The acetylcholinesterase knockout mouse has elevated acetylcholine levels due to the complete absence of acetylcholinesterase. Our goal was to determine the adaptive changes in lung receptors that allow these animals to tolerate excess neurotransmitter. The hypothesis was tested that not only muscarinic receptors but also α1-adrenoceptors and β-adrenoceptors are downregulated, thus maintaining a proper balance of receptors and accounting for lung function in these animals. The quantity of α1A, α1B, α1D, β1, and β2-adrenoceptors and muscarinic receptors was determined by binding of radioligands. G-protein coupling was assessed using pseudo-competition with agonists. Phospholipase C activity was measured by an enzymatic assay. Cyclic AMP (cAMP) content was measured by immunoassay. Muscarinic receptors were decreased to 50%, α1-adrenoceptors to 23%, and β-adrenoceptors to about 50% of control. Changes were subtype specific, as α1A, α1B, and β2-adrenoceptors, but not α1D-adrenoceptor, were decreased. In contrast, receptor signaling into the cell as measured by coupling to G proteins, cAMP content, and PI-phospholipase C activity was the same as in control. This shows that the nearly normal lung function of these animals was explained by maintenance of a correct balance of adrenoceptors and muscarinic receptors. In conclusion, knockout mice have adapted to high concentrations of acetylcholine by downregulating receptors that bind acetylcholine, as well as by downregulating receptors that oppose the action of muscarinic receptors. Tolerance to excess acetylcholine is achieved by reducing the levels of muscarinic receptors and adrenoceptors.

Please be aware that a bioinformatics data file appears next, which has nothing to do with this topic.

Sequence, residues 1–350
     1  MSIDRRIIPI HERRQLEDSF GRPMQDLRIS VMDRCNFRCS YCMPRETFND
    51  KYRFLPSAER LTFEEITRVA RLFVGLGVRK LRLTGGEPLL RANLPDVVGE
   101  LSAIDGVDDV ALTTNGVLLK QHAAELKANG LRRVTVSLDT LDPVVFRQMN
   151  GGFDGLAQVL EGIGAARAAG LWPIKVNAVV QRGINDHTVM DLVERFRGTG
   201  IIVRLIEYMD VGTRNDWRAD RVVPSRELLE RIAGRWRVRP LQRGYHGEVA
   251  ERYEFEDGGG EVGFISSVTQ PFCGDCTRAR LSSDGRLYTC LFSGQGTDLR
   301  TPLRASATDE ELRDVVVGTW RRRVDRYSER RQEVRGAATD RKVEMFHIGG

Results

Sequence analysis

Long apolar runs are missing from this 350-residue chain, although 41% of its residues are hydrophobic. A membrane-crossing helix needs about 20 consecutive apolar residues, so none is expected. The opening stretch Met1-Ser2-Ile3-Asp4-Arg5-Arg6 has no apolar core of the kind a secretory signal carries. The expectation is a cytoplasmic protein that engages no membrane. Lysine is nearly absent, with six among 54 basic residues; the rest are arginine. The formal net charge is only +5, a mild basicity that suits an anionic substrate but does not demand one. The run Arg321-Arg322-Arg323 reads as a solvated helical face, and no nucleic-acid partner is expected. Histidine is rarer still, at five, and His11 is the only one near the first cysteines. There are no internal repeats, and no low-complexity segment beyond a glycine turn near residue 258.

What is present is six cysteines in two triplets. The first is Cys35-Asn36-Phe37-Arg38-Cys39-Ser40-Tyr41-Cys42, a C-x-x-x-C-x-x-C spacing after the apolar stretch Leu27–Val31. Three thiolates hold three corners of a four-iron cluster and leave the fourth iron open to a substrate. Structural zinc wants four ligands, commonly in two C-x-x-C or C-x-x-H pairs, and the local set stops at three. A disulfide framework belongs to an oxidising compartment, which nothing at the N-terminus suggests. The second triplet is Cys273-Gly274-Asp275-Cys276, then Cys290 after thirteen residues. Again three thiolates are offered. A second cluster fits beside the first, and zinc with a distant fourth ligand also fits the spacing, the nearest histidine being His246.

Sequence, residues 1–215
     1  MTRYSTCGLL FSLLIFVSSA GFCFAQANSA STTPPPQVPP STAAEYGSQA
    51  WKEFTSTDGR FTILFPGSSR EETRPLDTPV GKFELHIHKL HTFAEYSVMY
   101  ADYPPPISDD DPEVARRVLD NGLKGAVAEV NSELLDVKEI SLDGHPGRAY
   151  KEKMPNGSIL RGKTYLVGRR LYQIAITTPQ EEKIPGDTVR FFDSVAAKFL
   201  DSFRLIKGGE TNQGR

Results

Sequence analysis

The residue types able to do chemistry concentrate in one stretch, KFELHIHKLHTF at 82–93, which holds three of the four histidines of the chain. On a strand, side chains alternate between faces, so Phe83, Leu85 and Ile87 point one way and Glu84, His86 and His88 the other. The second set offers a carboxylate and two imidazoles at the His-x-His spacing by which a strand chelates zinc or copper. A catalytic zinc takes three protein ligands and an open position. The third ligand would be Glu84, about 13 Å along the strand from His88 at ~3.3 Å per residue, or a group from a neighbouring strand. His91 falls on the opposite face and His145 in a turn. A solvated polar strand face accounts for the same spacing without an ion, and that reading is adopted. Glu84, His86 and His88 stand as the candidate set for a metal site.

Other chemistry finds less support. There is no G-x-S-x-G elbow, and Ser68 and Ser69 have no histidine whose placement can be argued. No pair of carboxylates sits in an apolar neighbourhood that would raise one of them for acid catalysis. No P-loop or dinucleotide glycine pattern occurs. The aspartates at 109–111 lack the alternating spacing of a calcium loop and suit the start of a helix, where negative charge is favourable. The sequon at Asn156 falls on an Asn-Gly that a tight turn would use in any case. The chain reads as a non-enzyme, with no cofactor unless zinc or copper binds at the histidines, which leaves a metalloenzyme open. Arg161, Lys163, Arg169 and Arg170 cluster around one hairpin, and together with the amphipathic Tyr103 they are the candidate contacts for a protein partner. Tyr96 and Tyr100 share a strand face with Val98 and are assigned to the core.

- Acetylcholinesterase knockout
- Muscarinic receptors
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